Mille Miglia - One Thousand Miles of Pure Excitement and Danger
In the history of motorsports, there are some races that remain famous even decades after they were held. One such event is surely the 1955 Mille Miglia, won by Stirling Moss and the famous #722 Mercedes-Benz 300 SLR. However, the Mille Miglia has much more to it than Sir Stirling and his 722 SLR. The Mille Miglia is a legendary race that was held 24 times between 1927 and 1957. It was the race which distinguished brave racers from ordinary drivers, and unfortunately, it was the race which took over 50 lives across a span of thirty years.
Mille Miglia is an open-road race which name literally means 1000 miles in Italian. That was the approximate length of the first and all other races held under that name. The event was established in 1927 by Counts Aymo Maggi and Franco Mazzotti, in response to the Italian Grand Prix being moved from their hometown of Brescia to the new location in Monza.
1000 miles from Brescia to Rome and back
Together with a group of wealthy associates, the duo chose to race on the route from Brescia to Rome and back, on a figure-eight shaped course of roughly 1500 km (one thousand Roman miles). The races held later followed other routes and had different lengths, but the basis continued to be the 1000-miles-long route of Brescia-Rome-Brescia with beautiful country and mountain roads running across northern and central Italy.
Mille Miglia had an interesting system of numbering cars. There were lots of cars in the race, sometimes a few hundreds, and organizers decided that smaller and slower cars would start first, to minimize the period of the road closing. Cars got starting numbers according to the time they were planned to begin the event. For example, Moss would get a number 722 because he started at 7.22 am.
77 vehicles in the first Mille Miglia race
At the time, racing circuits were rare and road races were normal, although very dangerous. The first race had a total of 77 participants of which only 51 crossed the finish line. The winners were Giuseppe Morandi and his co-driving partner Ferdinando Minoia, who needed about 21 hours for the 1618 km in the 2-litre OM 665S. The winners of the following two races were Giuseppe Campari and Giulio Ramponi. In 1928, they won with the Alfa Romeo 6C 1500 Sport Spider Zagato, and the following year, the winning car was the Alfa Romeo 6C 1750 SS Spider Zagato. Famous Tazio Nuvolari, with Battista Guidotti as the co-driver, won the 1930 Mille Miglia in the Alfa Romeo 1750 GS Spider Zagato.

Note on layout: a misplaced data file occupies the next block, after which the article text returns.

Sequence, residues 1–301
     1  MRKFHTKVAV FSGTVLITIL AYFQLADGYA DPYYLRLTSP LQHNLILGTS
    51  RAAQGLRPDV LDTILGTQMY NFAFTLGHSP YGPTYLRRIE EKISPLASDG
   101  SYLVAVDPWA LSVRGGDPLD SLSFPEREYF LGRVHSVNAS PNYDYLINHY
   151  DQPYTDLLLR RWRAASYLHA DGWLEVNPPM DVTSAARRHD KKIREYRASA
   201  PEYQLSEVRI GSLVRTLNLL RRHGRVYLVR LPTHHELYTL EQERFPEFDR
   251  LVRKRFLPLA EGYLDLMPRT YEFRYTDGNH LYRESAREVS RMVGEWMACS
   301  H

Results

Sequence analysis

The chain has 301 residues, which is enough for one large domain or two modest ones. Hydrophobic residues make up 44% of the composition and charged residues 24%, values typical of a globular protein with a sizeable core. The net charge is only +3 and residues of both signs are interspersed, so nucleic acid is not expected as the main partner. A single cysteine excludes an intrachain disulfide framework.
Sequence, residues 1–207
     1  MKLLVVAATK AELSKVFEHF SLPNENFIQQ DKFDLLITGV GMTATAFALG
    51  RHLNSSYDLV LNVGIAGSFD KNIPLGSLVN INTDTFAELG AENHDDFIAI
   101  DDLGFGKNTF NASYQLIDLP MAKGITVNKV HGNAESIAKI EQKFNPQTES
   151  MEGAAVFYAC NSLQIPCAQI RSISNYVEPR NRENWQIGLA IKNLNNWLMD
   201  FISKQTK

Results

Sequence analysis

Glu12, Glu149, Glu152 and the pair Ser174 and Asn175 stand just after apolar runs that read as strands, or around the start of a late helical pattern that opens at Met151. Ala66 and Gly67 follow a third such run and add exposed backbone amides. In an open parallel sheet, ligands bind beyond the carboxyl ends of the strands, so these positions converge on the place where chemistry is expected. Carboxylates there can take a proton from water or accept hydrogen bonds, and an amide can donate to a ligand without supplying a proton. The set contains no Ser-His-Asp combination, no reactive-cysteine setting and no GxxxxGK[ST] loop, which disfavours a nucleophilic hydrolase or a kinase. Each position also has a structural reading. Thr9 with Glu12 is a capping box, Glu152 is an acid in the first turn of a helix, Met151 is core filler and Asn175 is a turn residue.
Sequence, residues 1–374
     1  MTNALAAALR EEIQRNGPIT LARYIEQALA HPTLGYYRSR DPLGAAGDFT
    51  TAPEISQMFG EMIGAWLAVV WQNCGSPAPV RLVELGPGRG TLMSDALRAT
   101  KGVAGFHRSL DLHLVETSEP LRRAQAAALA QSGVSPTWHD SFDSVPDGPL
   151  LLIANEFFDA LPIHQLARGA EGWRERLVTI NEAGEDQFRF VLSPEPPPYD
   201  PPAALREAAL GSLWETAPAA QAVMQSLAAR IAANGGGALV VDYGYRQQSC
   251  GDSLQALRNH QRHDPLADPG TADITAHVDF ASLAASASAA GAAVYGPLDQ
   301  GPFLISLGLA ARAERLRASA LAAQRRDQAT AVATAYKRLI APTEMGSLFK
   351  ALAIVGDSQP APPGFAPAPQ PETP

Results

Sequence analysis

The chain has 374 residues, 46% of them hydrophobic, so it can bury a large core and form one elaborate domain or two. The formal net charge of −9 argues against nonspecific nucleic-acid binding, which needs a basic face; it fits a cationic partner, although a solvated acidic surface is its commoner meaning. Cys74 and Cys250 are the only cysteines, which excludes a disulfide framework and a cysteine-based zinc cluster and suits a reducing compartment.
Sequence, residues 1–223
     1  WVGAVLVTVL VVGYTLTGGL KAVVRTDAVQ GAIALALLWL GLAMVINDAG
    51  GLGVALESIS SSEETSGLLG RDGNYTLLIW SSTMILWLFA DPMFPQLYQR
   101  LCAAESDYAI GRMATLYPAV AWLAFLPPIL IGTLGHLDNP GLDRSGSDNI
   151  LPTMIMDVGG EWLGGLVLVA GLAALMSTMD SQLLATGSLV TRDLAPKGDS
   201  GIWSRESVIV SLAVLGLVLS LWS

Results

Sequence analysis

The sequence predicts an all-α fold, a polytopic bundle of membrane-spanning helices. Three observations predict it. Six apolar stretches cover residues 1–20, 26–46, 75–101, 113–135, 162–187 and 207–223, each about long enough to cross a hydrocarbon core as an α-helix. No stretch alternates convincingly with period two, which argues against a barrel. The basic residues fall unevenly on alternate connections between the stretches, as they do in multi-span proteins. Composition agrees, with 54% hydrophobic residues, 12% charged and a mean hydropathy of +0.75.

The domination of the Italian cars and Italian drivers came to a stop in 1931 when the race was won by the German star driver Rudolf Caracciola in a Mercedes-Benz SSK. Caracciola raced together with mechanic Wilhelm Sebastian and they had, for the first time at Mille Miglia, an average speed more than 100 km/h. The following seven races were again won by Italian drivers in various Alfa Romeo cars. The winners were Carlo Maria Pintacuda (twice), Baconin Borzacchini, Tazio Nuvolari, Achille Varzi, Antonio Brivio and Clemente Biondetti.
Mussolini banned the race in 1938
The race was briefly stopped by the Italian fascist leader Benito Mussolini after an accident in 1938 when ten spectators were killed near Bologna. During the World War II, one race was held in 1940, but it wasn’t the ‘real’ Mille Miglia because the route wasn’t original, and the event took place on a 100-km course which was lapped only nine times. The winners were Germans Huschke von Hanstein and Walter Baumer in the BMW 328 Berlinetta Touring.
Post-war racing resumed in 1947. Clemente Biondetti won the following three races with three different cars and three different co-drivers. The cars were Alfa Romeo 8C 2900 B Berlinetta Touring, Ferrari 166 S Coupe Allemano and Ferrari 166 MM Barcheta Touring. The domination of the Italians continued with the victories of Giannino Marzotto (1950 and 1953), Luigi Villoresi (1951), Giovanni Bracco (1952) and Alberto Ascari (1954). Few non-Italian drivers achieved podium finishes (Karl Kling, Hans Klenk, Juan Manuel Fangio, Peter Collins, Wolfgang von Trips) but nobody was able to win until 1955 and Stirling Moss.